If you have questions, please send questions to askthefoundation@gmail.com

  Click on heading below to access the report.

Foundation Health Survey Final 2023


The Research Universe – Introduction

We know that your dog’s health is important to you.   Except for the current Cataract Research with the University of Pennsylvania which focuses on cocker spaniels, much of the research we fund is sponsored by the AKC Canine Health Foundation.   By joining in with other major research on issues that affect our dogs, our funds can go further.    When possible, we will search for cocker-specific research as well. 

We will continually expand and enhance this section with other diseases and research associated so that the information here can be helpful whether your dog is healthy or affected by a disease.  Please remember that the information contained here cannot substitute for the advice of your veterinarian but we hope will make you a more informed breeder or owner.

Reports of nonhereditary canine dilated cardiomyopathy and of certain dog foods and ingredients.

The Food and Drug Administration announced on Dec. 23, 2022, that the agency plans to end routine updates on the investigation of case reports of nonhereditary canine dilated cardiomyopathy and of certain dog foods and ingredients.

“While adverse event numbers can be a potential signal of an issue with an FDA regulated product, by themselves, they do not supply sufficient data to establish a causal relationship with reported product(s). FDA continues to encourage research and collaboration by academia, veterinarians, and industry,” the agency stated.   Further information can be found here. 


Hemangiosarcoma is an aggressive and common cancer in dogs.  It can develop in any tissue or organ, but most commonly affects the spleen, right atrium of the heart, and the skin.

Since 1995, CHF and its donors have invested over $4.1 million in 29 grants in understanding mechanisms and causes, new targets for treatment, and early diagnostics for canine hemangiosarcoma, aggressive cancer in dogs. CHF, along with its donors, continues to address this devastating disease through this initiative launched in 2018.

For more information about this disease and current research click on this link.

AKC Canine Health Foundation | Hemangiosarcoma Research Initiative (akcchf.org)


Epilepsy affects one in every 100 dogs and refers to recurrent seizures resulting from an abnormality in brain function. The condition can be inherited (genetic epilepsy), caused by structural problems in the brain (symptomatic epilepsy), or may be of unknown cause (idiopathic epilepsy). Determination of the appropriate treatment for canine epilepsy, as well as prognosis for the condition, depends on an accurate diagnosis of the type and cause of seizures.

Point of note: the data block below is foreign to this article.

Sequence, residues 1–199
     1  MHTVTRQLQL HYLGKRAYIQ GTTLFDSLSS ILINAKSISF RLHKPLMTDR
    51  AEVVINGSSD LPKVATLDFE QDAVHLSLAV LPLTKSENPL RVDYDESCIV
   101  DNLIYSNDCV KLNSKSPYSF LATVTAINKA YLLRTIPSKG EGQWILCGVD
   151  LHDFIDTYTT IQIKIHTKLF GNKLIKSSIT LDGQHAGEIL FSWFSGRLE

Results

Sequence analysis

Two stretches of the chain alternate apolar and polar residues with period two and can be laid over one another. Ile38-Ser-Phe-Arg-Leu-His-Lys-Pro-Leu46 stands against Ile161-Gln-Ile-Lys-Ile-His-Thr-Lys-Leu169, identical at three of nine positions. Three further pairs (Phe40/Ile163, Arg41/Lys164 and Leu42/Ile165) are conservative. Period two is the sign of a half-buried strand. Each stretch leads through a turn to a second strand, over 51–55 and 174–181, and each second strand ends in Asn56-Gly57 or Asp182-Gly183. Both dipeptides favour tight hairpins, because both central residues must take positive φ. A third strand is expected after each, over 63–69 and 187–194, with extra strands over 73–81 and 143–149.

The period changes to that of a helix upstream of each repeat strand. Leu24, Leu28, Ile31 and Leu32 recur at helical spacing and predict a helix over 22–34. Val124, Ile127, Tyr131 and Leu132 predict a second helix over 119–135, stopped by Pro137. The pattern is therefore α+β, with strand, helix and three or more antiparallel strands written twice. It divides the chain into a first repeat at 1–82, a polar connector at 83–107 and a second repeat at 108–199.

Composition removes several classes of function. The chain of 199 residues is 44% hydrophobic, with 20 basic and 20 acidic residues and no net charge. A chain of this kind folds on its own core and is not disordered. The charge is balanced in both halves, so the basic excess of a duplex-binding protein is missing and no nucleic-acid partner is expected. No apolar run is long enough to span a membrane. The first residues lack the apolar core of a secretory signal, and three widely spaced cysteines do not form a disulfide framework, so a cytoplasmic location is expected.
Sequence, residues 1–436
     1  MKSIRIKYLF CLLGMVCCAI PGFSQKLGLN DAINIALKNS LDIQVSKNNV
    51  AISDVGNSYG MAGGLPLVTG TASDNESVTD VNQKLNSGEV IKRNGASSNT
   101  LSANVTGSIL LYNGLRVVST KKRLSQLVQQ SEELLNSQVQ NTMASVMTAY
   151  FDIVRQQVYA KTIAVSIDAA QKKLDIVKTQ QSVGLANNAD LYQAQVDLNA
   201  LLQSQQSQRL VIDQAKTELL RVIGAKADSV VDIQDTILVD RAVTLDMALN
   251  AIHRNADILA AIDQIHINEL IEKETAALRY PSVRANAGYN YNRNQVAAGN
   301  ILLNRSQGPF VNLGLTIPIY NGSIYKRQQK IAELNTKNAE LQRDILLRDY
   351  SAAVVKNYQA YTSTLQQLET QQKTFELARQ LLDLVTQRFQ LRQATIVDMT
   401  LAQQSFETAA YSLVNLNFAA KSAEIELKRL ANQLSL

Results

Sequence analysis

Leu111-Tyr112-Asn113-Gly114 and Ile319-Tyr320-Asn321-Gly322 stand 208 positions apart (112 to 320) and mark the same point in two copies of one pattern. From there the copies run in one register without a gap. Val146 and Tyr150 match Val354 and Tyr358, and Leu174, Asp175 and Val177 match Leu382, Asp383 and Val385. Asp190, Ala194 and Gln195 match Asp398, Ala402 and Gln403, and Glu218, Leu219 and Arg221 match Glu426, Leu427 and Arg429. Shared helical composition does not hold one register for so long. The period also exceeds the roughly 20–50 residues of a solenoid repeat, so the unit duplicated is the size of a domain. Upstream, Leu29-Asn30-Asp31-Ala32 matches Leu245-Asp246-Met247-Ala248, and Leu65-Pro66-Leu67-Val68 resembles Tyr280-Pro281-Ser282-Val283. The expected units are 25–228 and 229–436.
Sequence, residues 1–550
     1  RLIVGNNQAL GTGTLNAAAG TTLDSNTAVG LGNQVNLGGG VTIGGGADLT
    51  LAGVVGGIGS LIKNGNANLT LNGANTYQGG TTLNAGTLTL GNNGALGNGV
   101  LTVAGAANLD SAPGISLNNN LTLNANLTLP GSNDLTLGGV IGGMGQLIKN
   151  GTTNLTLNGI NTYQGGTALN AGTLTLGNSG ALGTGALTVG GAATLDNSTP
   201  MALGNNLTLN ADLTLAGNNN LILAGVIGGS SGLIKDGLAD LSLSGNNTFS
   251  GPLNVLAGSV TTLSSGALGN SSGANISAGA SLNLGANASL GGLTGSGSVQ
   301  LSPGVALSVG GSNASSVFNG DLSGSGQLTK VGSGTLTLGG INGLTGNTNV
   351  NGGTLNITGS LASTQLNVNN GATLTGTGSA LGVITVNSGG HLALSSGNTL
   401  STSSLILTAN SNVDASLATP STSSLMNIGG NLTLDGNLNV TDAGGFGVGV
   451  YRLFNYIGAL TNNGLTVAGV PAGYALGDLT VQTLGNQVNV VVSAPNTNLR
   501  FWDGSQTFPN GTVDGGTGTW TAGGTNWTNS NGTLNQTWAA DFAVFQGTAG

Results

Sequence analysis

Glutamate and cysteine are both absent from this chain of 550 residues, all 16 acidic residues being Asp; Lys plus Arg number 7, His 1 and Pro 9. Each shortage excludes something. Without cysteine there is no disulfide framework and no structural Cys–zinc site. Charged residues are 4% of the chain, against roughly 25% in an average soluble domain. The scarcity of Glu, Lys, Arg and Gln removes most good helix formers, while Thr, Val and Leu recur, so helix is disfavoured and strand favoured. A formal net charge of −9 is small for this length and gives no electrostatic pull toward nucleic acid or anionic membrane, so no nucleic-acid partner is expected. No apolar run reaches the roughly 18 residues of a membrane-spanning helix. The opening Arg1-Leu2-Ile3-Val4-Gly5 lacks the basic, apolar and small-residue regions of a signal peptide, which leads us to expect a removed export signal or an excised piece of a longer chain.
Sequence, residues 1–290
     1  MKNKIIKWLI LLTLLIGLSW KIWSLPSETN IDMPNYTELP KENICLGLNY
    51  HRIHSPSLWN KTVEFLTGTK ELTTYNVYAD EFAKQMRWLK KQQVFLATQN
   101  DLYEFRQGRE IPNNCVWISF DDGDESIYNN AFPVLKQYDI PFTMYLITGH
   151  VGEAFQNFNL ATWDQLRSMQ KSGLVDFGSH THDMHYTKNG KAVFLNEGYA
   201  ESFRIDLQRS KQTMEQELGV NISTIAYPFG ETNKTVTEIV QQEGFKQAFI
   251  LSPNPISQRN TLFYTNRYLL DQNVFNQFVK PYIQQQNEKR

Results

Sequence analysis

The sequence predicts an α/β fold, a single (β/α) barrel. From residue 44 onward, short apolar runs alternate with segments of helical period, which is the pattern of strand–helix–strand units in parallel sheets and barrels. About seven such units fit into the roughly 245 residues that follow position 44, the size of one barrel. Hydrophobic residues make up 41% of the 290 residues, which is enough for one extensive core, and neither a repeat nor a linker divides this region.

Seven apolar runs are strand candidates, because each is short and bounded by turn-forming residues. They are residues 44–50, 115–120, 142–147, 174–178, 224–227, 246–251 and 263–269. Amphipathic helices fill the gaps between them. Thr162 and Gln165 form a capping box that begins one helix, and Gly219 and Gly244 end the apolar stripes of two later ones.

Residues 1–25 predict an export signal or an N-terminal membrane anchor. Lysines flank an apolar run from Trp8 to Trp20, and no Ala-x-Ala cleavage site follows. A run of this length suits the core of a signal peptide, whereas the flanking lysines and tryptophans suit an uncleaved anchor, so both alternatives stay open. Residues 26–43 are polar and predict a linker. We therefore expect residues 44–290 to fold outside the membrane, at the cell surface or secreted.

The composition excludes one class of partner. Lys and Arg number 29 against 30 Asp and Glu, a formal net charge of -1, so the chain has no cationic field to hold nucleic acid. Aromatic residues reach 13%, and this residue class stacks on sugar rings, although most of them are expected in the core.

Since 1995, CHF and its donors have invested more than $1.47 million in 21 grants to study canine epilepsy. Ongoing studies are exploring the use and effects of dietary supplements in the treatment of canine epilepsy, underlying genetics and disease mechanisms, and the role of the gastrointestinal tract and microbiome in the development and treatment of this disease.

For more information about this disease and current research click on this link

AKC Canine Health Foundation | Epilepsy Research Initiative (akcchf.org)

General Infectious Diseases

Infectious diseases are potentially life-threatening and can affect all dogs. Many of these diseases are also zoonotic, meaning they can affect humans, too. Being aware of key clinical signs and preventive measures is important to keep your dog healthy.

For more information about infectious diseases, how they can affect your dog, and research in progress click on this link.

AKC Canine Health Foundation | Current Topics in Infectious Disease (akcchf.org)

Xylitol Is Poisonous To Dogs

What is xylitol?  Xylitol is a naturally occurring alcohol found in most plant materials. It is used as a sugar substitute in “sugar-free” chewing gums, mints, and other foods because it has fewer calories and a lower glycemic index than common table sugar (sucrose). It is also used as a medicine, a source of energy in tube feeding formulas for people, and in products that treat dry mouth and tooth decay.

For more information on how Xylitol is toxic for dogs click on this link.